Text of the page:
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New Pair take over at the top of Welsh golf

11.58am 12th March 2015 - People

Dr Val Franklin GUW Chair
Dr Val Franklin GUW Chair

Two people who have made an immense contribution to Welsh golf have taken over as chair and president of the Golf Union of Wales.

Dr Val Franklin, a research fellow in biomaterials at Aston University, is the chair of the GUW, taking over from former Ryder Cup Wales chief John Jermine, after making a massive difference as junior golf organiser at Aberdovey golf club and also at national level in the handicapping system.

While top referee Neil Niblett is to take over from Celia Bartlett as GUW president after 50 years of involvement at the top ends of the amateur game in Wales as a player and official.

Franklin helped to transform the junior set up in Aberdovey as they went from having no teams to a thriving and successful junior squad, a process kick-started by grants from Ryder Cup Wales which allowed them to improve facilities for beginners.

With golf club membership numbers falling around the world, Franklin is aware the same challenge she took on at Aberdovey is one that needs to be repeated at a national level round Wales.

“What is important is maintaining the profile of the Golf Union of Wales and Golf Development Wales within the golfing community, so that those who can contribute are put to best use,” said Dr Franklin, the second woman chair of the GUW since the men’s and women’s associations in Wales merged as part of the Ryder Cup bid, as well as a level one PGA coach.

“It is certainly going to be an interesting role and I have a hard act to follow in John. I have come up through the development side and also the handicapping processes, I have been involved with the Council of National Golf Unions (CONGU) since 2008 and have attended USGA course rating calibration seminars.

“My background is as a scientist so I like numbers and number-crunching. I am very much involved in junior golf and I am a great believer in making things as inclusive as possible, encouraging everyone to participate. We will look to build on what has been done by Golf Development Wales and to expand their role in the golfing domain.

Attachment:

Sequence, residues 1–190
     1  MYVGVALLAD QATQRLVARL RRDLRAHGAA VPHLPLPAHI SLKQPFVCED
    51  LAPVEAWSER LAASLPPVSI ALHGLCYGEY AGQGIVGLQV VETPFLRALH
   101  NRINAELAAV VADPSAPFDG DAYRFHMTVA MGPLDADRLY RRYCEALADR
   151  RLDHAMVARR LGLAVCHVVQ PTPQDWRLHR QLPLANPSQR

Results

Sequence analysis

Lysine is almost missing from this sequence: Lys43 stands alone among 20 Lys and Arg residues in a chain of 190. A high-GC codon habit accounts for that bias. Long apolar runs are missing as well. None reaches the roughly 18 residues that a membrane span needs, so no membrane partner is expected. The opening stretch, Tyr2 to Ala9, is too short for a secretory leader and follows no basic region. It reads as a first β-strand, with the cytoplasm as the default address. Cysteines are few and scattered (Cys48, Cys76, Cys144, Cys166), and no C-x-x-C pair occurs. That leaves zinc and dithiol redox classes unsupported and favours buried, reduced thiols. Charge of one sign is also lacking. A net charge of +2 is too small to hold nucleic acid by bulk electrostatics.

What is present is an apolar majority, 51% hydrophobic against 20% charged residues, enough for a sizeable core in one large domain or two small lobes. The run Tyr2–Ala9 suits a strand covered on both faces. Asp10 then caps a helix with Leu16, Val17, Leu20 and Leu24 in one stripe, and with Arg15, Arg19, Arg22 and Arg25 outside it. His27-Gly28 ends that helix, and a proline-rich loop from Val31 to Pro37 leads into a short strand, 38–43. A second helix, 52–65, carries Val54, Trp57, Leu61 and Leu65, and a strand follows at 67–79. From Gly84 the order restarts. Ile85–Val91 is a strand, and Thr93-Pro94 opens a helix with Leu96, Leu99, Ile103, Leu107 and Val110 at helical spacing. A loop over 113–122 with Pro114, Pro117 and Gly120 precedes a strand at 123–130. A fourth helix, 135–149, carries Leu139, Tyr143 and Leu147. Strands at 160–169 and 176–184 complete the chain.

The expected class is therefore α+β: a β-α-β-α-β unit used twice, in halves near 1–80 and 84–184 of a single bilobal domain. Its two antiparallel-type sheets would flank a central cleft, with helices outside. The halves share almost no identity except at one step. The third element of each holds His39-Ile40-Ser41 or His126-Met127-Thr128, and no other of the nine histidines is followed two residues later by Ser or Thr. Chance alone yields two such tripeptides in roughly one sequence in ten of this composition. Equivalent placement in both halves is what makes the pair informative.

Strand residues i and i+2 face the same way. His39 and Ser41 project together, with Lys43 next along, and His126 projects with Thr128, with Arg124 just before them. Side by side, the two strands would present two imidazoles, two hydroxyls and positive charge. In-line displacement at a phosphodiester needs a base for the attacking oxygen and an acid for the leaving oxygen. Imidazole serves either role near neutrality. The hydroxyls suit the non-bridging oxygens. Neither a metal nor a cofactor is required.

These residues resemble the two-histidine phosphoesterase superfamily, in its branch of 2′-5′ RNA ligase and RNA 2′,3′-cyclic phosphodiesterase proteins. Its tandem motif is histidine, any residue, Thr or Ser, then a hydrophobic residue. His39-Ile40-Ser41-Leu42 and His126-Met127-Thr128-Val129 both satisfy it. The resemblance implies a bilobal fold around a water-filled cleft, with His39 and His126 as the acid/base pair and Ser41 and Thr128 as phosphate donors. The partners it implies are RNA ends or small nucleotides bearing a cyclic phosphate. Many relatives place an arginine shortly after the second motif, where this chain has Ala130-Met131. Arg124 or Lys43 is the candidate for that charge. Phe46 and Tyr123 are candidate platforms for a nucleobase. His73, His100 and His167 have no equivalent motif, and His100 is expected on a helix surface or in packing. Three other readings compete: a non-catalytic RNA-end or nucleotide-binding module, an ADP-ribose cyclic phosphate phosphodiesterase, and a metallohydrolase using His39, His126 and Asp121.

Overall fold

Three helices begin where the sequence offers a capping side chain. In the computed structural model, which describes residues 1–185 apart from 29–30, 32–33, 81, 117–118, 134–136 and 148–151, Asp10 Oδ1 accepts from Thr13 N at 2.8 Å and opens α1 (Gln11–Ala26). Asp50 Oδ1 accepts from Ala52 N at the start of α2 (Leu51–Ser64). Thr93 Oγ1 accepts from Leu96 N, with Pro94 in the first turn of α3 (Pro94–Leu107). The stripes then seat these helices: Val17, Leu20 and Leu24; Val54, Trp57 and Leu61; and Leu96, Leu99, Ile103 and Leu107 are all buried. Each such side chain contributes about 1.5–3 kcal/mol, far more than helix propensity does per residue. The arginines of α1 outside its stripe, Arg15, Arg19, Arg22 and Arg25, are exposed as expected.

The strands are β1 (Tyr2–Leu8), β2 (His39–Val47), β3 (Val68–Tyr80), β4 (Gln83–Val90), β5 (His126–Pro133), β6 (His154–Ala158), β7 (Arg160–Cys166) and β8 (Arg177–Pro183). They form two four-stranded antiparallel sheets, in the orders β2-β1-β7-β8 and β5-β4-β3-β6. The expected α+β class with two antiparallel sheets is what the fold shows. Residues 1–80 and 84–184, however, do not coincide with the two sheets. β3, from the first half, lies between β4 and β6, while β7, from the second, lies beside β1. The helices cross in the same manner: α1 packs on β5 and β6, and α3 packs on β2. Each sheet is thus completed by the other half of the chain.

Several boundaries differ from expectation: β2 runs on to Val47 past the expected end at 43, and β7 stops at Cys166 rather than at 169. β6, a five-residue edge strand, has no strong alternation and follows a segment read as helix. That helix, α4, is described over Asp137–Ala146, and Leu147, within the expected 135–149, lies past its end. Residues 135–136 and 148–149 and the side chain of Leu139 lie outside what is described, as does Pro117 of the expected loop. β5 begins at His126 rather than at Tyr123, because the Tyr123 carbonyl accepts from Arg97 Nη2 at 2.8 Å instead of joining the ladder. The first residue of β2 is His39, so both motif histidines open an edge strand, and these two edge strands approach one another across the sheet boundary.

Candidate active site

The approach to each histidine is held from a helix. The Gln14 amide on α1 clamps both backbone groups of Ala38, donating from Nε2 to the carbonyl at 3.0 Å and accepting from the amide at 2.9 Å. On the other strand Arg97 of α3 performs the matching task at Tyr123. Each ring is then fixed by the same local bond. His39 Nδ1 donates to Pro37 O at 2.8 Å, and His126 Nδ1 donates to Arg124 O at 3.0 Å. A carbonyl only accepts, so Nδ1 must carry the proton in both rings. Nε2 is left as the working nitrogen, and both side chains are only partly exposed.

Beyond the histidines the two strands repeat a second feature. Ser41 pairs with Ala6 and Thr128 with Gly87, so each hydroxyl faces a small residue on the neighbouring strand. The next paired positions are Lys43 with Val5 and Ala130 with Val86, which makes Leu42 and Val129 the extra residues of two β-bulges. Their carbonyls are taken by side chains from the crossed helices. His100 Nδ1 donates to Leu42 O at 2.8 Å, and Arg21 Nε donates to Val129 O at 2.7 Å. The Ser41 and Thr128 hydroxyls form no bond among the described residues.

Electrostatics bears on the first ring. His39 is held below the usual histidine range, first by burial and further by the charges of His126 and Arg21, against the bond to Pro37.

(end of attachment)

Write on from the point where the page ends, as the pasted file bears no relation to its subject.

“We have advantages in Wales to build on, we are one of the most cohesive golf unions between male and female golf and everyone can bring different things to the party.

“County golf and squad golf are vital parts of what we do well, but I come from the participation side and trying to support golf at all levels.

“Some people think golf is an elite game run by fuddy-duddies, so we have to break down the barriers to help all people participate for the game to progress.

“It is a great sport from cradle to grave, so we need to promote that without losing the traditions – to bring golf into the 21st century.

“That might mean some shorter courses, a nine hole loop, nine hole competitions, things that can work for men, women, girls, boys and families. We have to remember that some people do not have the time they used to have.

“Our challenge is getting people to try the sport as well as supporting clubs who are struggling to maintain their membership numbers.”

Niblett has been a member of the Golf Union of Wales committee since 2002, but it is as a referee at most of the top events where he has become a familiar figure all round Wales.

He qualified as a rules official through the GUW and Royal and Ancient in 2005, officiating at six Home Internationals since, the European Team Championships and numerous other events.

He was also captain of Monmouthshire golf club in 2000.

“I feel very privileged and honoured to be considered for this role after being involved as an administrator and on the laws side for the last 20 years,” said Monmouthshire member Niblett, who has been playing county golf in Gwent for 50 years.

“I do not want to just be a figurehead so I want to continue to play an active part on the board, the counties and the championships to support Val in whatever way I can.

“These are challenging times. Clubs have got to be careful to retain members and the way golf is played has changed greatly – not everyone is changing with the times.

“However there are a good team at the Golf Union of Wales and Golf Development Wales so there is plenty to build on.

“However the part I think I am looking forward to most is being able to show my support for the Wales teams at events like the Home Internationals.

“In the past, being there as a rules official, you have to be impartial, so I cannot wait to cheer on our teams.”

Golf Union of Wales website

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